They put Midge, the lead singer, in a separate enclosed glass booth, but we could see her from our booth. She was on a separate track and Debra and I were on another track since we were both singing in the same microphone. I wondered about this because there weren't enough musicians to use all 24 of the tracks. Later, I found out why they were saving those tracks. They overdubbed our voices probably three times; probably three tracks of Midge and three tracks of Debra and I. It was the style that gave you the big, chorusy sound. I can't even remember how many times we sang those two songs. They never told us which takes they were keeping and which they were not using. When they said, "It’s a wrap," I thought we were done. Little did I know.
We all moved into the control room: the producers, the arranger, our manager, us, and various hangers-on. Brooks Arthur was the engineer. They mixed all the tracks, adding EQ and reverb and I watched and listened in awe as the music came alive. After each run-through, Madara or White would say, "We need tambourines here" or sleigh bells, or hand claps, and one or more people would go into one of the recording booths and add another track to the song. The last thing I remember adding were more "oo's" to the chorus of "442 Glenwood Avenue."
I can't remember how long this session was, but know it was over 24 hours. I remember walking out of the studio the next evening and was confused. Could a day have gone by?
Oldies, oldies, oldies!
If you like girl-groups music of the 1960s, there are likely other oldies you like too!
Why not listen to Johnny Galindo's Vinyl Treasures? This fantastic show has an array of great oldies, including rare girl-group music. Listen now!. Or tune in every Saturday night at 9:00 p.m. Central Time/10:00 p.m. Eastern for Top Shelf Oldies for the newest show. You will love it!
The Pixies Three on Tour with Rolling Stones
Did you know the Pixies Three toured with the Rolling Stones? Yes, the soft, lifting sounds of the Pixies trio were actually paired on tour with the hard-rocking Stones. Here are some memories of that tour from the group members themselves...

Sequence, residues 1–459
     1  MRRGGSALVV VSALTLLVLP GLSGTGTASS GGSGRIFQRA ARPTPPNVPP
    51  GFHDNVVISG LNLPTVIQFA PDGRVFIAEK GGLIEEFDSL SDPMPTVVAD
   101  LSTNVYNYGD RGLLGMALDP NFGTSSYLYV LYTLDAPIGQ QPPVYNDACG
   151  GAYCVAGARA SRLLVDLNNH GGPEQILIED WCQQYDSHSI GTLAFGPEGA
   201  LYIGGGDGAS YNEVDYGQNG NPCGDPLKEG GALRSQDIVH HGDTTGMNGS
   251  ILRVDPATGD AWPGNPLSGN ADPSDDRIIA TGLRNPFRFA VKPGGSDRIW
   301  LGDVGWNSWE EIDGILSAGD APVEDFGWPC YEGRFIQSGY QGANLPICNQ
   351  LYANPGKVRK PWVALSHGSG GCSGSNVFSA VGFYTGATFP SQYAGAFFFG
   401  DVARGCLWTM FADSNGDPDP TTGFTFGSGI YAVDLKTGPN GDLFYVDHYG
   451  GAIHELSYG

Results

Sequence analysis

We worked with the Rolling Stones on their first American tour in summer 1964. It was one of those multi-act shows with The Dave Clark Five there, too. Not sure if there were other bands, but there may have been.
The Dave Clark Five was a hit with the audience. Of course, they were dressed in matching outfits and were well-groomed. But the Stones were not well-received by audiences and were panned by the media. Their look was new and strange to the audience, we'd guess, and their music was a harder rock than Americans were used to.
We hung out with the Dave Clark Five, since they were our ages, and cute and fun to be with. The Stones kept to themselves, usually behind closed doors. You can imagine, given the times and the fact that they were older, that their offstage persona was as foreign to us as their onstage performance.
Actually, it was the only group we ever worked with that ignored us. Maybe they were embarrassed about their reviews. They were fairly successful in the UK at that time and were surprised not to receive the kind of welcome that the Dave Clark Five got.
Of course, we all know this was short-lived, as the Stones returned to the U.S. in the fall of 1964 and were treated like gods by the media and the public. They were just ahead of their time for their look. And their sound became de rigueur for rock bands after them. At that time, none of us would have ever guessed they could become rock icons, popular even 40 years later!
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For the first time visitor...
Back to the old days
Remember the early 1960s...when Coke was just a soft drink...when the only nudity you saw was a Barbie doll, between outfits...when the biggest worry was who Johnny would invite to the prom?
Best of the Girl Groups: Volume 1
The great songs you love: Leader of the
Pack, Chapel of Love, He's So Fine,
One Fine Day, Will You Love Me Tomorrow,
The Boy From New York City,
The Shoop Shoop Song, and more!